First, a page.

Continuation of all decision making by a small steering group is not an option. It was, and may remain for a while, necessary given the need to reach consensus among the sometimes delicately related organisations in a pure alliance of parties but it cannot become the norm as, unfortunately, it was in the People Before Profit Alliance. As far as I am aware the PBPA has never held a national decision making conference since its foundation. The demotion of the projected post-election ULA Convention to a rallies and workshops Forum is disappointing though I have every confidence it will still move things along and that it’s a prelude to a full national conference.

It is not easy to fashion a structure which accommodates both affiliated organisations and individual non-aligned members. The acceptance that the ULA is really, or should really be, a party, even if by another name, would allow a membership of equal individuals who can organise themselves into platforms, factions, currents, tendencies or, again, whatever terminology is appropriate. That is working from a common base from the bottom up. But the ULA has not originated like that. It is an alliance of long established organisations and some of these will want to enter the new formation organisationally undiminished. The glory of the ULA is its diversity in unity, its support for those who differ to be allowed organise and criticise. But because of the strength of the founding organisations the weakness will be, by a strange twist, in the overarching structure, in the induction of new non-aligned activists and the erection of a new, visible, unitary and viable left alternative presence on the political stage, a presence which is the precise reason for initiation of the ULA.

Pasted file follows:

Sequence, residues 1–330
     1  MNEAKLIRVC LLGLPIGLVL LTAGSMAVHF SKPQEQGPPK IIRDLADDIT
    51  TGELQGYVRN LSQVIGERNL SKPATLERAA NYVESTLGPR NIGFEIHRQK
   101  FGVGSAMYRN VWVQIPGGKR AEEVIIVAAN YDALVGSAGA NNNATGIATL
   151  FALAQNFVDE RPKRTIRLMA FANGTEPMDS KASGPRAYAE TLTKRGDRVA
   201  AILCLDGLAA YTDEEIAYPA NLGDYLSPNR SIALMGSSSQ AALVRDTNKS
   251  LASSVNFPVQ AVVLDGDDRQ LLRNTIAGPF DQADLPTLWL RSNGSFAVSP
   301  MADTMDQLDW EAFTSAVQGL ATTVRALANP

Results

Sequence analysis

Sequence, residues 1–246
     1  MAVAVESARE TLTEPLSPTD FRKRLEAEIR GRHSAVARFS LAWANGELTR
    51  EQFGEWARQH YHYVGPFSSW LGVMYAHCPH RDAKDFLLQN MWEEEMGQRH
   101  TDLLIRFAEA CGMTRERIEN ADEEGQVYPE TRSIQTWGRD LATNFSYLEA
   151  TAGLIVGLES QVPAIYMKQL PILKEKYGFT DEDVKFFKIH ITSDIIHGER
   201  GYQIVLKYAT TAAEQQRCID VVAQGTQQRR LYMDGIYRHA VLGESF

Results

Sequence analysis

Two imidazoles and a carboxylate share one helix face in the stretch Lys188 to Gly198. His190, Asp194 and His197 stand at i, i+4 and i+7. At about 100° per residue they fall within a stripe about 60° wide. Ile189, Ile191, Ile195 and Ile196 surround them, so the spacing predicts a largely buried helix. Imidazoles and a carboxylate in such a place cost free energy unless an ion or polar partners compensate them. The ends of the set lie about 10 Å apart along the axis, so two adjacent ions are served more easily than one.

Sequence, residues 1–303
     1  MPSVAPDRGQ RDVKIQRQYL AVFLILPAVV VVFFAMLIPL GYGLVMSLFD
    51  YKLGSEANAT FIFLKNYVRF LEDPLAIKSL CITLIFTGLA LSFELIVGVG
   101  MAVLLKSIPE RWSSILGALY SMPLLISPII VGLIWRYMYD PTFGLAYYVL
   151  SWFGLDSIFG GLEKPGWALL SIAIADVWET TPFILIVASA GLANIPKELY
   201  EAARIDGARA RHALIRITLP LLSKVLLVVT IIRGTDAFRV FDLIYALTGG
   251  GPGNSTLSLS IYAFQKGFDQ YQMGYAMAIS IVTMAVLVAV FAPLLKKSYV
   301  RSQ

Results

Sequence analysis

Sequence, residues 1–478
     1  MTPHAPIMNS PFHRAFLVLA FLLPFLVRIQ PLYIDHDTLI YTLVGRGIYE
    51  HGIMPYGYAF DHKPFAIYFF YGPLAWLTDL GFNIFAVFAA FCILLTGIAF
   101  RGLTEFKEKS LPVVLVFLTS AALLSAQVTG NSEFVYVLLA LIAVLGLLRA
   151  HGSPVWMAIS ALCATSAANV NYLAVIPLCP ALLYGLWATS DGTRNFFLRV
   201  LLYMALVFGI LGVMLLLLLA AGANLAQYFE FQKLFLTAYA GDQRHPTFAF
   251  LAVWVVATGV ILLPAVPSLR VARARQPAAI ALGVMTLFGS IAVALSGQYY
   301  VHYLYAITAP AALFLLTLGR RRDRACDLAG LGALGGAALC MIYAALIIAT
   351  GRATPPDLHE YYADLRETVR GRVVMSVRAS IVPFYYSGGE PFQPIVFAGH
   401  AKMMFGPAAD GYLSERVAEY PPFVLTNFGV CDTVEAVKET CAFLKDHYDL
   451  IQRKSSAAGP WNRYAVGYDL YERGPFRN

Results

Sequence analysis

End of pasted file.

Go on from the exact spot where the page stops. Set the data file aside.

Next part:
The ULA has to develop a life of its own. A clear face to the outside world and an internal political life. A political identity and a political identification of its members with it. Which is not to start another perpetual structure which cannot be superseded when the times come. But that time is some time away and the need now is for a new left which will be – already is beginning to be – bigger than the sum of its parts.